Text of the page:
Long Distance[edit]

Hormones are used by both plant and animal cells for long-distance signaling. In animal cells, specialized cells release these hormones and send them through the circulatory system to other parts of the body. They then reach target cells, which can recognize and respond to the hormones and produce a result. This is also known as endocrine signaling. Plant growth regulators, or plant hormones, move through cells or by diffusing through the air as a gas to reach their targets.[2]

See also[edit]

References[edit]

  • Analysis of connexin expression during mouse Schwann cell development identifies Connexin29 as a novel marker for the transition of neural crest to precursor cells. Authors/Editors/Inventors: Li, Jing (Author); Habbes, Hans-Werner (Author); Eiberger, Juergen (Author); Willecke, Klaus (Author); Dermietzel, Rolf (Author); Meier, Carola (Author) [a]. Glia. Vol. 55 (1). JAN 1 2007. 93-103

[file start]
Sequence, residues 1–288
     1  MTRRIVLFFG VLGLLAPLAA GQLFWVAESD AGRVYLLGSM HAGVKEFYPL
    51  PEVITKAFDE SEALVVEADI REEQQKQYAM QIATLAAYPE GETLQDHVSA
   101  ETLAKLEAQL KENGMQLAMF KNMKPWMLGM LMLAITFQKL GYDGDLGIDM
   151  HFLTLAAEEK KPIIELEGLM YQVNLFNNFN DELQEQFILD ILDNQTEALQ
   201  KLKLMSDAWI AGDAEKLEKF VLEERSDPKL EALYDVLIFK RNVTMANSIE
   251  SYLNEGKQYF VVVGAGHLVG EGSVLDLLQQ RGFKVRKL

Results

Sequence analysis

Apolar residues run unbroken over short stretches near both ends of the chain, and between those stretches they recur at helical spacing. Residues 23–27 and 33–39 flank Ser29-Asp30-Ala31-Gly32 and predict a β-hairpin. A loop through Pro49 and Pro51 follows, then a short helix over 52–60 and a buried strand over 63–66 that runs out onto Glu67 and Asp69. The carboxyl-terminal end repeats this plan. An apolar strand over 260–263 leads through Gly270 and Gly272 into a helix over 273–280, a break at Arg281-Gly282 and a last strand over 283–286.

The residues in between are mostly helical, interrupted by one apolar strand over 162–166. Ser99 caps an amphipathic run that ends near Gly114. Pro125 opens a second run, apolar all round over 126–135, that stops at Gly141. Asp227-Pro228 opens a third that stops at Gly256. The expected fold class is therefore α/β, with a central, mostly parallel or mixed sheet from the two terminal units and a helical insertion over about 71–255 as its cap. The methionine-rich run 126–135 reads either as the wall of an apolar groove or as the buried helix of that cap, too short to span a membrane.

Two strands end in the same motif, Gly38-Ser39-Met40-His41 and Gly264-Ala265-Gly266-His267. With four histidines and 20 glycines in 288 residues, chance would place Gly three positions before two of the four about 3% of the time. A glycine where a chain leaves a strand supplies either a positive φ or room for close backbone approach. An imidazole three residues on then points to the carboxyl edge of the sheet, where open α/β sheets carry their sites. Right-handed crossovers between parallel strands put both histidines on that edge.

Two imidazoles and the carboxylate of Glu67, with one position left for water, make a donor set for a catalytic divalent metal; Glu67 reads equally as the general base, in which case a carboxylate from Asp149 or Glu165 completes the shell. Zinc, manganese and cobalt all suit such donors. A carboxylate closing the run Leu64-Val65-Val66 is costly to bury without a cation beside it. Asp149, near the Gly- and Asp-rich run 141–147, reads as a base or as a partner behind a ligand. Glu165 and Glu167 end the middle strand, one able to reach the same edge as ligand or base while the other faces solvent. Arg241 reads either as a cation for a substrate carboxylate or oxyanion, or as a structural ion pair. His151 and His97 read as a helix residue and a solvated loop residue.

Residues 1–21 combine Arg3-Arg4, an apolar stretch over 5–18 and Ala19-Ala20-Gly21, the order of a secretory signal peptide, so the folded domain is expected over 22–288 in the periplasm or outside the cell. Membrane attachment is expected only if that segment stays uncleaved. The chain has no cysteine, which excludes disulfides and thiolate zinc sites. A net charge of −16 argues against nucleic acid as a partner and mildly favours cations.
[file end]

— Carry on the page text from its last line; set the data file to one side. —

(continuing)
• A rate equation approach to elucidate the kinetics and robustness of the TGF-beta pathway. Authors/Editors/Inventors:Melke, Pontus (Author); Jonsson, Henrik (Author); Pardali, Evangelia (Author); ten Dijke, Peter (Author); Peterson, Carsten (Author) [a]. Biophysical Journal. Vol. 91 (12). DEC 2006.
  • Man1, an inner nuclear membrane protein, regulates vascular remodeling by modulating transforming growth factor beta signaling. Ishimura, Akihiko (Author); Ng, Jennifer K. (Author); Taira, Masanori (Author); Young, Stephen G. (Author); Osada, Shin-ichi. Development (Cambridge). Vol. 133 (19). OCT 1 2006.